This morning I had the honor of appearing on the KSFO AM 560 morning show, hosted by Leigh Rodgers and Melanie Morgan, with Officer Vic providing color, traffic and musical whimsy. Brian Sussman, who hosts his own show on KSFO from 6-8 PM nightly, was the guest host with Melanie and Vic. The topic was the current immigration crisis. A scheduled guest could not appear, so "Dr. History" spontaneously pinch-hit and provided historical perspective of the impact of immigration upon cultures throughout history.
America, by definition, is a land of immigrants. We have an uneven record toward welcoming certain groups at certain times, but overall, we have been, and remain, the first destination for those who want freedom and opportunity. Our sheer size, diversity of cultures, economic opportunities and the values that uphold our land draw people here by the millions.
In 1620 the Pilgrims landed, determined to practice their faith and live at peace with all - they did, for nearly 70 years.
Roger Williams established Rhode Island as a beacon of religious freedom.
In the 1650s, Maryland ("Mary-Land") was founded as a haven for English Catholics, with Lord Baltimore leading the exodus to freedom.
When our Founders wrote the Constitution, they expressly forbade any religious test for political office and forever enshrined the freedom of conscience and religion - the true "First Freedom" - in the first 16 words of the First Amendment.
Bigotry, racism and xenophobia are, alas, conditions of human societies everywhere and American history is no exception. Our Native American policies are a study in moral turpitude and self-deception. The War with Mexico was a pretence for conquest. In the 1850s there were anti-Catholic riots in Baltimore! The legacy of slavery and Jim Crow is still being overcome. The anti-Chinese and anti-Japanese laws of the 19th and 20th centuries are a stain on our history. The isolationism of the 1920s to 1940s kept thousands, perhaps millions, of Jews and other victims of totalitarianism out of our great land.
The previous paragraph reminds me of my history classes in Berkeley and Santa Cruz: America the colonial oppressor...America the racist...America - you get the idea. There were times I felt persecuted for walking in the room - after all, I am a white male, married and middle-class, so I am part of the problem and should apologize for living.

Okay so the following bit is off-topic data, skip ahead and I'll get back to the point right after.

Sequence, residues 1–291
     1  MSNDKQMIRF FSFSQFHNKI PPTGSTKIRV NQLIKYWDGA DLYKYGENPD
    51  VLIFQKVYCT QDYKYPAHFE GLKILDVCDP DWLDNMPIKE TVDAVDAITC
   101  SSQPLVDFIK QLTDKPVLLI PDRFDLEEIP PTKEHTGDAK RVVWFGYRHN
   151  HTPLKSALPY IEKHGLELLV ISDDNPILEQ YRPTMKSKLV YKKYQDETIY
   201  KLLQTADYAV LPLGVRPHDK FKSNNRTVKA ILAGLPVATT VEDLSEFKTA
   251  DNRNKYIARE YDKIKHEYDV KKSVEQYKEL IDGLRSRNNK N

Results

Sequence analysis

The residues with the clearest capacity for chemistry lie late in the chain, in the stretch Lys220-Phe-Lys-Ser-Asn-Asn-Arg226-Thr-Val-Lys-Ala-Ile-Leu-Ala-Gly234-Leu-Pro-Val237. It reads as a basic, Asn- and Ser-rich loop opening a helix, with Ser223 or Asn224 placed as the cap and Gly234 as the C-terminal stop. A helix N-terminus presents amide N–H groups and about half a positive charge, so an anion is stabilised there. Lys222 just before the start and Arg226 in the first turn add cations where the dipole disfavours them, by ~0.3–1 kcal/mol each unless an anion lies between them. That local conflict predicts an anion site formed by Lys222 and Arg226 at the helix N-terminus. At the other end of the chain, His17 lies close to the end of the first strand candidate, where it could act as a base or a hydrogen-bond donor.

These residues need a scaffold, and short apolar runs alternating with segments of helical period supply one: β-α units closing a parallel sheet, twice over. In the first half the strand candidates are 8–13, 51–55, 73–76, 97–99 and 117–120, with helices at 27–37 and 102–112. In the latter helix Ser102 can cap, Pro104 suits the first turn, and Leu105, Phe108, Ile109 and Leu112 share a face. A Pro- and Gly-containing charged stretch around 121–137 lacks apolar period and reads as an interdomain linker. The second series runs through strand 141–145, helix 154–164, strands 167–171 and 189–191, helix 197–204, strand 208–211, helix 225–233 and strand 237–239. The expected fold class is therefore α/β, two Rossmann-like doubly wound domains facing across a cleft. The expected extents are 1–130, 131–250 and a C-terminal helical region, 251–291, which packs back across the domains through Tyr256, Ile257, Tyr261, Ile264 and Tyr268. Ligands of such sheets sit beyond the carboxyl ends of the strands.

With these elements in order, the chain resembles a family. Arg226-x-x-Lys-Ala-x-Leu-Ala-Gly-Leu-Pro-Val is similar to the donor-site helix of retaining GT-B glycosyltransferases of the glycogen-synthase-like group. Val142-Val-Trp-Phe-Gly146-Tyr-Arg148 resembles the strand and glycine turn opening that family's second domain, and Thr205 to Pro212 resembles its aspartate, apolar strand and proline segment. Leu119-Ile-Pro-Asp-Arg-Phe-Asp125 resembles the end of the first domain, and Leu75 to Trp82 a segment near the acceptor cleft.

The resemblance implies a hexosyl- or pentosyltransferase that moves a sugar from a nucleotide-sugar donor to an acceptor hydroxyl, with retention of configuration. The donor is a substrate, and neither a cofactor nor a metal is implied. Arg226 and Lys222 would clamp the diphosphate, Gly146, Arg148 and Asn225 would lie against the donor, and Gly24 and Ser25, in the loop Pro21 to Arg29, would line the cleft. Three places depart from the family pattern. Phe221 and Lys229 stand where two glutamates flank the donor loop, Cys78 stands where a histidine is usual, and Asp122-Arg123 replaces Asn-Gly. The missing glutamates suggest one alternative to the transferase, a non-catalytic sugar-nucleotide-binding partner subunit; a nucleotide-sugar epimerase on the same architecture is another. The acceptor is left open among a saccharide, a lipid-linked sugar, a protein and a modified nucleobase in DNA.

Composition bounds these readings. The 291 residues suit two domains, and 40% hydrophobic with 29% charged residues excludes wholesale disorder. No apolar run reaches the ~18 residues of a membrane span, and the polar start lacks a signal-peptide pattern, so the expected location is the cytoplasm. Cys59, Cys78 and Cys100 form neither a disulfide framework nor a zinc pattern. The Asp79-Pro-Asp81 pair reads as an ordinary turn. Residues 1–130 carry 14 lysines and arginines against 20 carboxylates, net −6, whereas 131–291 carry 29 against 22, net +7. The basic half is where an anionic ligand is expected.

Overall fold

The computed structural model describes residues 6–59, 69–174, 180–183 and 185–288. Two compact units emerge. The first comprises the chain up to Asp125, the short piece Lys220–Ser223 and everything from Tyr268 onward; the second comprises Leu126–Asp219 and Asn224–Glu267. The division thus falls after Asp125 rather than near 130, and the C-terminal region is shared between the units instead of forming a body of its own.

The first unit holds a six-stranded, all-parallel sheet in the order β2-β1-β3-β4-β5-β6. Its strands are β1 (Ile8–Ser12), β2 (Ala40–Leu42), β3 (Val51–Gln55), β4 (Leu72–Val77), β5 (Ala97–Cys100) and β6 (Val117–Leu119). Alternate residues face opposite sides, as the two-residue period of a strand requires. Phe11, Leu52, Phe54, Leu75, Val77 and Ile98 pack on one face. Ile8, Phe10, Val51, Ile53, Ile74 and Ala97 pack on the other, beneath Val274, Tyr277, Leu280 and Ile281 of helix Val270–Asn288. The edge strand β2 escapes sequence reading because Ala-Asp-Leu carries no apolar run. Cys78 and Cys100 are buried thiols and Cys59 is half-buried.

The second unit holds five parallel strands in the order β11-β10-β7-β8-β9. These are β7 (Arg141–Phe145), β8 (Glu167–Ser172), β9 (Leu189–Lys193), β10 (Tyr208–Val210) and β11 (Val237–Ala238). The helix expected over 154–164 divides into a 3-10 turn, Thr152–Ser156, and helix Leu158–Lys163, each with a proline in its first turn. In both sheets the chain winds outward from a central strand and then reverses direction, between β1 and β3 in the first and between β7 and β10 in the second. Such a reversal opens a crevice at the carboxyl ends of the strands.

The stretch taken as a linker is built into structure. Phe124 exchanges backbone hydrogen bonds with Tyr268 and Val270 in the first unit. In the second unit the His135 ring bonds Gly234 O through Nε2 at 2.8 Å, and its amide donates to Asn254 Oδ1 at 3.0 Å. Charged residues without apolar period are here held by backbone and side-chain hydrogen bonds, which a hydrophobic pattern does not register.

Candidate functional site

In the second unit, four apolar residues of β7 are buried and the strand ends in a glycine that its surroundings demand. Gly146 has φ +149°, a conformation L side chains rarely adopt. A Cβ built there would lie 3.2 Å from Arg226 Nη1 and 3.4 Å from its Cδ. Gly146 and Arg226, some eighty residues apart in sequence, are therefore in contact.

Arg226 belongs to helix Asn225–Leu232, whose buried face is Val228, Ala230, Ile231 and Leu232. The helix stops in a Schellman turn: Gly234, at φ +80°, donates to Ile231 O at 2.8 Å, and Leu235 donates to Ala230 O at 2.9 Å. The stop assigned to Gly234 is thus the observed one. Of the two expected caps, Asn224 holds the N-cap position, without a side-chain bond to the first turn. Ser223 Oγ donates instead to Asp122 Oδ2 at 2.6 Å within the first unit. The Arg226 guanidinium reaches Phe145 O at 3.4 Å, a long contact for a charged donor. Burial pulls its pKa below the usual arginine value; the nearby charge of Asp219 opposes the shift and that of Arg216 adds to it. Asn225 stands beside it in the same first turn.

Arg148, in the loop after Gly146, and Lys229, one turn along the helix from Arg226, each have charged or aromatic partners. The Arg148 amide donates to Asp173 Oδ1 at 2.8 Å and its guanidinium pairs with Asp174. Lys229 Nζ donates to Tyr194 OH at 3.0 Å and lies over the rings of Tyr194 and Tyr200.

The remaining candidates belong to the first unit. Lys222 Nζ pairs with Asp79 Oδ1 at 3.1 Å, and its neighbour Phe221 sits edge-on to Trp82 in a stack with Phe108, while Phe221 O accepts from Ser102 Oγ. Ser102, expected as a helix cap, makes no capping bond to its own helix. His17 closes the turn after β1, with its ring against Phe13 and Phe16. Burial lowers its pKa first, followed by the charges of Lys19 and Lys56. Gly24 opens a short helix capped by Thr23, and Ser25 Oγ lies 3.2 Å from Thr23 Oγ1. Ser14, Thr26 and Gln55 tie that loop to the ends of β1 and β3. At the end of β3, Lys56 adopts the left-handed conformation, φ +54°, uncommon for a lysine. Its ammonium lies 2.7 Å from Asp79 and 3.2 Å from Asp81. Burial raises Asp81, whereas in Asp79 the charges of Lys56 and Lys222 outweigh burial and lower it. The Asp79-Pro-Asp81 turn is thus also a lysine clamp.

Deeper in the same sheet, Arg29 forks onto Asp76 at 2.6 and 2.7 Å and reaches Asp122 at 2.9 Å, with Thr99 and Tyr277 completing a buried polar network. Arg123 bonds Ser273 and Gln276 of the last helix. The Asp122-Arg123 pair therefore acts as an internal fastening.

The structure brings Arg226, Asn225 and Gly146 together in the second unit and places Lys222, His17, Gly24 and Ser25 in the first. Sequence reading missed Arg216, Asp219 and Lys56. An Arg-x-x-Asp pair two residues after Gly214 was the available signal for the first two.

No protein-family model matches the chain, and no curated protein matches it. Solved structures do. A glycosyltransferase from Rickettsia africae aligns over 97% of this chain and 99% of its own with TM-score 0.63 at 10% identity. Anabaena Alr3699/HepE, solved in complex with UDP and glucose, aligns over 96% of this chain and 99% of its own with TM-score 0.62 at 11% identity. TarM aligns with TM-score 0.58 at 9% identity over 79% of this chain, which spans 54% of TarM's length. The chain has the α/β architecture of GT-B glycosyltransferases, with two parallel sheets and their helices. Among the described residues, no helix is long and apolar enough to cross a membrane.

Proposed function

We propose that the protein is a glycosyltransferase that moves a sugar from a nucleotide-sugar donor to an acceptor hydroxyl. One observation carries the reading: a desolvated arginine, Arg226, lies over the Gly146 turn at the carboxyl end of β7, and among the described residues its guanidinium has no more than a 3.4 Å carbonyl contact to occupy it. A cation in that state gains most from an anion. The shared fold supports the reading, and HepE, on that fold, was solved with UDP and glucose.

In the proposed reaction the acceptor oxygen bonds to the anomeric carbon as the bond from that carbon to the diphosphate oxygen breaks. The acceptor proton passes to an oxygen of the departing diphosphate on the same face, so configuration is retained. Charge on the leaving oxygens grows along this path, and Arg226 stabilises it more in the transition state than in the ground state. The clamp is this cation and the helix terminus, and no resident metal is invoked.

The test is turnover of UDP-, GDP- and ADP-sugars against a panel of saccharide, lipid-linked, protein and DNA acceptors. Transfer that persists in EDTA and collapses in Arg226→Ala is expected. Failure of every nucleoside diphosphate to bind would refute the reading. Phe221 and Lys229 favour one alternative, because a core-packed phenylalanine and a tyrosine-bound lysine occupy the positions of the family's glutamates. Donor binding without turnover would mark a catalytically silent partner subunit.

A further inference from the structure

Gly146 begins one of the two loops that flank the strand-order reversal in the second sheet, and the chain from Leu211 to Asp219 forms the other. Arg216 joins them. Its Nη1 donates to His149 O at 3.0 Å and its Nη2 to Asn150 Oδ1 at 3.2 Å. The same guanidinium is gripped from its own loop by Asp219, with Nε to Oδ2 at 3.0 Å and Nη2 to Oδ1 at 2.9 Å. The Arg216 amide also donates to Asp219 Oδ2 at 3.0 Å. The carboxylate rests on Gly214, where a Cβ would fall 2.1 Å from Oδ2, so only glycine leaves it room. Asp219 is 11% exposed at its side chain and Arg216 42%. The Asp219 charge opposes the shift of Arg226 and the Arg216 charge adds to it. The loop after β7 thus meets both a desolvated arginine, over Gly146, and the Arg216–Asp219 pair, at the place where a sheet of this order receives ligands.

But there are other narrative threads that must be woven into our historical tapestry. Our Revolution was NOT like the one that came later in France! President George Washington spoke at a synagogue - and welcomed people of all faiths or none to be part of the virtuous citizenry our our new land. The Irish who felt persecuted in the 1850s became part of the elite by the dawn of the 20th century. The Asian laborers who built our railroads are now watching their descendants enjoy the American Dream. The African-American and Hispanic-American middle classes are growing and Martin Luther King's efforts are paying rich dividends for many.
Welcome to America - the greatest ongoing experiment in freedom in history.
Welcome to America - we need many "Ellis Islands" to welcome legal immigrants who want to become citizens and uphold our principles and virtues.
Welcome to America - if you are a visitor, we need to know where you are and if your intentions are good.
Welcome to America - a lighthouse to a world that is learning English.
Welcome to America - a land that must not "submit" to any theocracy, especially one designed to destroy our freedoms. People of all faiths or none live with their deepest differences in this nation. Yes, we can persuade and ask people to covert, but coercion and oppression of the conscience have no place in America.
Welcome to America - flawed, but struggling forward; naive at times, but anxious to receive all who embrace liberty and liberty's foundations of faith and virtue.
Welcome to America - and land that does not need to follow in the self-destructive footsteps of Western Europe and wallow in a post-religious vacuum of bureaucracy.
Welcome to America - if you can handle the responsibility that comes with freedom.